Saudi Arabia, departing from a long-standing policy, is now recruiting women to help seize foreigners involved in spiritual treatment activities dubbed as Roqaya following a government decision to ban expatriates from this practice, a newspaper in the conservative Muslim Gulf Kingdom said on Saturday.
The Commission for the Promotion of Virtue and Prevention of Vice, the country’s feared religious police, said it would start sending undercover female detectives to pose as customers for raqis, who use Koran verses and incense in their treatment, so they can be captured red handed.
It said female recruits would target only raqis suspected of using such practices in molesting women and other indecent acts.
According to the Saudi Arabic language daily Aleqtisadiah, the Commission has formed a joint committee with the Ministry of Islamic Affairs to supervise roqaya activities in the world’s oil superpower following a surge in such practices by Saudis and expatriates and reports of fraud by many of them.
“The committee will start sending female recruits to detect what those raqis do during the presumed treatment sessions for women,” it said.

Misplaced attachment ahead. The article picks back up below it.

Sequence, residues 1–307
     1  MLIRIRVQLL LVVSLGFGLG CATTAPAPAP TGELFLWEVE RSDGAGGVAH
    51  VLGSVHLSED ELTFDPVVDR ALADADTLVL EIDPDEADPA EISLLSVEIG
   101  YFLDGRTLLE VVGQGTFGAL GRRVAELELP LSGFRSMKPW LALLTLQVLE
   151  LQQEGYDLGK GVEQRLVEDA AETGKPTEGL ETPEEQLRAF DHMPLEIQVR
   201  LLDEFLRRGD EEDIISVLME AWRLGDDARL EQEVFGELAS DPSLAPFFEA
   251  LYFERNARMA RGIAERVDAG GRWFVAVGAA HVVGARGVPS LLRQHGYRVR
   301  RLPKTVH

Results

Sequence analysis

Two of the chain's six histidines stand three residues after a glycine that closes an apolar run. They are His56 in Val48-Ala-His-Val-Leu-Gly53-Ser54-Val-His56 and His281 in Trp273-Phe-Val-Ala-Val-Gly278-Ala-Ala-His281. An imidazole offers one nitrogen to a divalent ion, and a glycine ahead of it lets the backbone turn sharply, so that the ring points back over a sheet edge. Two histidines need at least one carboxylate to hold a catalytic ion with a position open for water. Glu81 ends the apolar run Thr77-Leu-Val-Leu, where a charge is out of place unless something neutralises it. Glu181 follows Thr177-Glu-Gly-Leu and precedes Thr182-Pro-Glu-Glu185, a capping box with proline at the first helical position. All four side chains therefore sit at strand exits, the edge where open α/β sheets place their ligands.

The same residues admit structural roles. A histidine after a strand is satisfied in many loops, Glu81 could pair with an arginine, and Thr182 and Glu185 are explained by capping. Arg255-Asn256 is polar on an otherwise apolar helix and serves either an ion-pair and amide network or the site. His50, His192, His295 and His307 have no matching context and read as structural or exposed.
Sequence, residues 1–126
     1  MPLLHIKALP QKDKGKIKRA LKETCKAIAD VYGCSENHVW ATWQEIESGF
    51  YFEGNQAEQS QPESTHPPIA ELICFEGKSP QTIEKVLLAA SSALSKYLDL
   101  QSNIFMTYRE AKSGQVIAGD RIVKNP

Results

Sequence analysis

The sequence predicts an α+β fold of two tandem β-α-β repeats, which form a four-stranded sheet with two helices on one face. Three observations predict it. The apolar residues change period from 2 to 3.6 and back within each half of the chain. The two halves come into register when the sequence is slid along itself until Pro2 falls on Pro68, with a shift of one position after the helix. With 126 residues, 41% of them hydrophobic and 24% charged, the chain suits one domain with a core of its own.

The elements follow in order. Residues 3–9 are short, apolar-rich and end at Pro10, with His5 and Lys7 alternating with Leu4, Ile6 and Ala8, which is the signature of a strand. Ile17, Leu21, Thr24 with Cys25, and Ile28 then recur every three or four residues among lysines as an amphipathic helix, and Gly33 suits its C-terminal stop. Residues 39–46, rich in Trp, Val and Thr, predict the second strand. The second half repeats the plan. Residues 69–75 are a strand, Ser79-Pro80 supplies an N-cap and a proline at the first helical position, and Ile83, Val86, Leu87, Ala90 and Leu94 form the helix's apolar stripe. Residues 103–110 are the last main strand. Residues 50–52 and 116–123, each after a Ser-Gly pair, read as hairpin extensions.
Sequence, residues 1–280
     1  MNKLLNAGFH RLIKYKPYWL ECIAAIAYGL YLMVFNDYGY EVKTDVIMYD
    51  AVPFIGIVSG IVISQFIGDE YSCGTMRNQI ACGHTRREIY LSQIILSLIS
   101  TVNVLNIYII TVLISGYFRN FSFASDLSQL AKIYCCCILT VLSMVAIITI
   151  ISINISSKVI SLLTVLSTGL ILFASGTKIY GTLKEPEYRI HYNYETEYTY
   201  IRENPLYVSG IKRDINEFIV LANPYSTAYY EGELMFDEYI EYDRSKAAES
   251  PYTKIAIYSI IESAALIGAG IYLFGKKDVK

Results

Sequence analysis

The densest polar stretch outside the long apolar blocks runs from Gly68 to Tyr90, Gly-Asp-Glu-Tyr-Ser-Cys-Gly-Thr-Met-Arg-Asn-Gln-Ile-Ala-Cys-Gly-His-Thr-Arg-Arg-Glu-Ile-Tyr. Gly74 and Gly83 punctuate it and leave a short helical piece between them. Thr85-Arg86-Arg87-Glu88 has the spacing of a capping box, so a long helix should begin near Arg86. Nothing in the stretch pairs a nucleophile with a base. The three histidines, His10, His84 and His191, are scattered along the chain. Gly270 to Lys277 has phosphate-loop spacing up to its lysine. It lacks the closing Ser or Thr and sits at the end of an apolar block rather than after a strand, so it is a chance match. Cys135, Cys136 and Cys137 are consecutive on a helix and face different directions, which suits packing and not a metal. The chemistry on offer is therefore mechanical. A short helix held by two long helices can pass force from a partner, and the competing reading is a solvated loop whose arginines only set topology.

“The move followed a decision by the committee to ban any expatriate from practising roqaya…expatriates caught doing so will be prosecuted and deported from the country,” it added, quoting Commission sources.
In a virulent attack on raqis, Saudi Arabia’s top Muslim cleric branded some of them thieves who just want to “rob people and seek quick wealth.”
“Some of those raqis and dream interpreters are only sowing the seeds of sedition among the people…they try to mislead persons that they are under a magic spell so they can swindle their money,” Sheikh Abdul Aziz Al Shaikh, the Kingdom’s mufti, told preachers during Friday’s open-air prayers.
“Keep away from these impostors who have nothing to do with Islam…if you have any problem, you can do roqaya yourself by reading verses from the holy Koran and seeking help from God the Almighty.”